Bicycle Plan May See Another Day in Court, Main Opponent Says

If city government prevails in court tomorrow, expect to see more lanes and clearer paths for bicyclists.

The San Francisco Superior Court will hear closing arguments Tuesday to determine whether the city's Bicycle Plan, which seeks to meet the demands of San Francisco's large and growing bike constituency, will go forward as planned five years ago.

The San Francisco Board of Supervisors and Planning Commission unanimously adopted the San Francisco Municipal Transportation Agency's Bicycle Plan in 2005. In 2006, however, opponents, led by blogger and former District 5 supervisor candidate Rob Anderson, successfully filed for an injunction on the project until a full-scale Environmental Impact Report was conducted, as required by state law.

In the drivers' corner, Anderson is still leading the fight to stop the bike plan in its tracks ... er, lanes. He said he and attorney Mary Miles will file an appeal if the injunction is thrown out after tomorrow's arguments. He sees the Bicycle Plan as largely political, and believes the city is buckling to pressure from progressives and the outspoken cyclist community, despite the obvious and adverse consequences on traffic flow and pollution. His main argument, now backed by the completed EIR, is that stalled Munis and cars as a result of additional bike lanes will emit more smog.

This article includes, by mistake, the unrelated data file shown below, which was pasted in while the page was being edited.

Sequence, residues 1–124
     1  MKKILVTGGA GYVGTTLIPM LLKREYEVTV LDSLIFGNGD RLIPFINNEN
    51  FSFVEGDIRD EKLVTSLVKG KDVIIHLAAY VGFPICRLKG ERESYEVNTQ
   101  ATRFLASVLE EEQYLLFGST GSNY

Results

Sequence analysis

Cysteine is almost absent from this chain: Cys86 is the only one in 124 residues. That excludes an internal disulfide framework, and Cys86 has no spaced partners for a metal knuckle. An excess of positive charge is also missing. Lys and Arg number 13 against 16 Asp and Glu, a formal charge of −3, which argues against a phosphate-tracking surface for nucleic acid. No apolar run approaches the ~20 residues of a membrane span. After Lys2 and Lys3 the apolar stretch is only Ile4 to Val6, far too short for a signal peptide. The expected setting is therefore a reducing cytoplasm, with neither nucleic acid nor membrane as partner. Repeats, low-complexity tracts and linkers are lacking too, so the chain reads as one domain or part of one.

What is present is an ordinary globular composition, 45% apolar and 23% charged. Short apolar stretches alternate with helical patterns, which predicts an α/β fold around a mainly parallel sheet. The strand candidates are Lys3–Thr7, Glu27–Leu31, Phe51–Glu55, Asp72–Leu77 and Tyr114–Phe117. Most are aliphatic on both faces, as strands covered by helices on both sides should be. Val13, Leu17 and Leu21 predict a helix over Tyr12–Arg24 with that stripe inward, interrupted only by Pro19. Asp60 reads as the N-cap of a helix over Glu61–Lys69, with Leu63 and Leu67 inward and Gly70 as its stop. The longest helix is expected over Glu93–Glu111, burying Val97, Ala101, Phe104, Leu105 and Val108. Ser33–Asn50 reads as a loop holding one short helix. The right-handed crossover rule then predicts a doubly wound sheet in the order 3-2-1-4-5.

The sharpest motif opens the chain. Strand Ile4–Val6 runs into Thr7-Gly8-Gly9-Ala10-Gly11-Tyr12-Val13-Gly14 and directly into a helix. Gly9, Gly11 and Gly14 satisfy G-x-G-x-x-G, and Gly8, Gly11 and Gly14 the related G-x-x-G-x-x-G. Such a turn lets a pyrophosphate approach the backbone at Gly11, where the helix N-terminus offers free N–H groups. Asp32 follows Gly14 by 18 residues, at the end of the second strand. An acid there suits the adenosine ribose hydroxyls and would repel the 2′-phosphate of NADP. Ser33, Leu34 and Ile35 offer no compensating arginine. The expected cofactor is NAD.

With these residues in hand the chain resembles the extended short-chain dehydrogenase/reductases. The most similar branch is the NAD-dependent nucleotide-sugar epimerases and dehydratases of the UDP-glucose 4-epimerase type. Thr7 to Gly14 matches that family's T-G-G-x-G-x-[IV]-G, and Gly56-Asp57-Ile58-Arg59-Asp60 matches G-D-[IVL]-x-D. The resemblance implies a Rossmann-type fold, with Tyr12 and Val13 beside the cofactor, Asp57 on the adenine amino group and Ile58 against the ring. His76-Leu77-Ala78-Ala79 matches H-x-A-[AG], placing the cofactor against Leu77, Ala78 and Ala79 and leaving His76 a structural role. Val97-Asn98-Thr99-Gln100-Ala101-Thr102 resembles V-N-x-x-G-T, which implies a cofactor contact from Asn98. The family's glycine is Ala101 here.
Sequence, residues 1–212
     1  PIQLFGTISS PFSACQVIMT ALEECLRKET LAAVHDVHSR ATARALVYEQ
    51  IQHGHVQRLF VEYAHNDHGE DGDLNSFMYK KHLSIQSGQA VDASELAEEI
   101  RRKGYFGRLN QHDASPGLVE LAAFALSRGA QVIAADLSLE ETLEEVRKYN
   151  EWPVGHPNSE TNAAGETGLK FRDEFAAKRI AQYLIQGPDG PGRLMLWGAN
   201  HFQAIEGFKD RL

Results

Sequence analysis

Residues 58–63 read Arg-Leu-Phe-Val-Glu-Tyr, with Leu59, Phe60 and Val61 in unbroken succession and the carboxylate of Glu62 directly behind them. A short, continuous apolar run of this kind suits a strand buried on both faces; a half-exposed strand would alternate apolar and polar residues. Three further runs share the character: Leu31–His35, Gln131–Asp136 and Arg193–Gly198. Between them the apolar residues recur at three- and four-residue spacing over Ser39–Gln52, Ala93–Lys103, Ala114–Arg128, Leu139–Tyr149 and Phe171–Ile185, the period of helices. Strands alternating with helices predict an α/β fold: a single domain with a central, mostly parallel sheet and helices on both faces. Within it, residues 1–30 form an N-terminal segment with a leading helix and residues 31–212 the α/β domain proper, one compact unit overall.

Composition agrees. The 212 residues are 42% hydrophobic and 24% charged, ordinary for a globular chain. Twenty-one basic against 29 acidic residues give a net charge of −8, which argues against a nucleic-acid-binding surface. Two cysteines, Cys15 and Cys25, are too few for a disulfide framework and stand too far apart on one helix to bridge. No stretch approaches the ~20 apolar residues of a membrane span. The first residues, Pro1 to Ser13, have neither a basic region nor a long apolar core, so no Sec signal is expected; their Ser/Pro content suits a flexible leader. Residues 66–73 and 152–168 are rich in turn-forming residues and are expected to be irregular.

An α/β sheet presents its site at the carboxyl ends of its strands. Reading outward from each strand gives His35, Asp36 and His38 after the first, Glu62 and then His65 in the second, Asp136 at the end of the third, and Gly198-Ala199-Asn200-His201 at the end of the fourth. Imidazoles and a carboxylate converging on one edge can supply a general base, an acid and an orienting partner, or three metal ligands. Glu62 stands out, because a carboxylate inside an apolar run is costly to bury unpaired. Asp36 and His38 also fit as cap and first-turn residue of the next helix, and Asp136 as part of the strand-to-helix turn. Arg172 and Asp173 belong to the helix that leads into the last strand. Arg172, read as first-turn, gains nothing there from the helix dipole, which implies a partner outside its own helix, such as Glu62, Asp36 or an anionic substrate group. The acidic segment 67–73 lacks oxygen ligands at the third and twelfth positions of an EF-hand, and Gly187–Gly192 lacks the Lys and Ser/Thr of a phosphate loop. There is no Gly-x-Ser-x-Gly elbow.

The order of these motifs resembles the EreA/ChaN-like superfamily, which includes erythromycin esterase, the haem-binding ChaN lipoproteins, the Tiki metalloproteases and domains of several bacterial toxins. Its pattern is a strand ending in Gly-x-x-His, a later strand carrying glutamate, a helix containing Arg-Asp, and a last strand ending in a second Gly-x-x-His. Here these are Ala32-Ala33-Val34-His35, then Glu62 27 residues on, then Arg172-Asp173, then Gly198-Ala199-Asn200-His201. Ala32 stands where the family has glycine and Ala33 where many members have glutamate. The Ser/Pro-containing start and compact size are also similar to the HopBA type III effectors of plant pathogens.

"The bicycle is the politics to San Francisco. It's like the crucifix to Christianity," he told us.

Furthermore, he says that despite his efforts to regularly blog his objections, the issue has by and large stayed out of the public eye.

"Until people start taking away lanes, the people in San Francisco won't know about it. ... This is just nuts. I think if the majority of San Franciscans had a chance to vote, they would reject it. But we'll never get a chance to vote, because the bike people and their enablers in City Hall will make sure of that," Anderson said.

Conversely, the city argues that the need for bike reform outweighs the environmental impact and is banking that more people will trade in their Clipper cards for helmets. Anderson called this a "fantasy" that ignores those who simply cannot ride bikes, such as the disabled.

But when the city came back with a surprising statistic last year that the number of San Francisco bike riders had increased by 53 percent since the injunction began, the court partially lifted the injunction and gave the city the green light on 45 of the most low-impact projects, including the creation of sharrows, or shared lanes.

The project ultimately calls for additional bike lanes, traffic signal improvements, more bike racks, and painting the pavement to create clearer pathways for cyclists.

Anderson said he will be in court tomorrow to hear the arguments.

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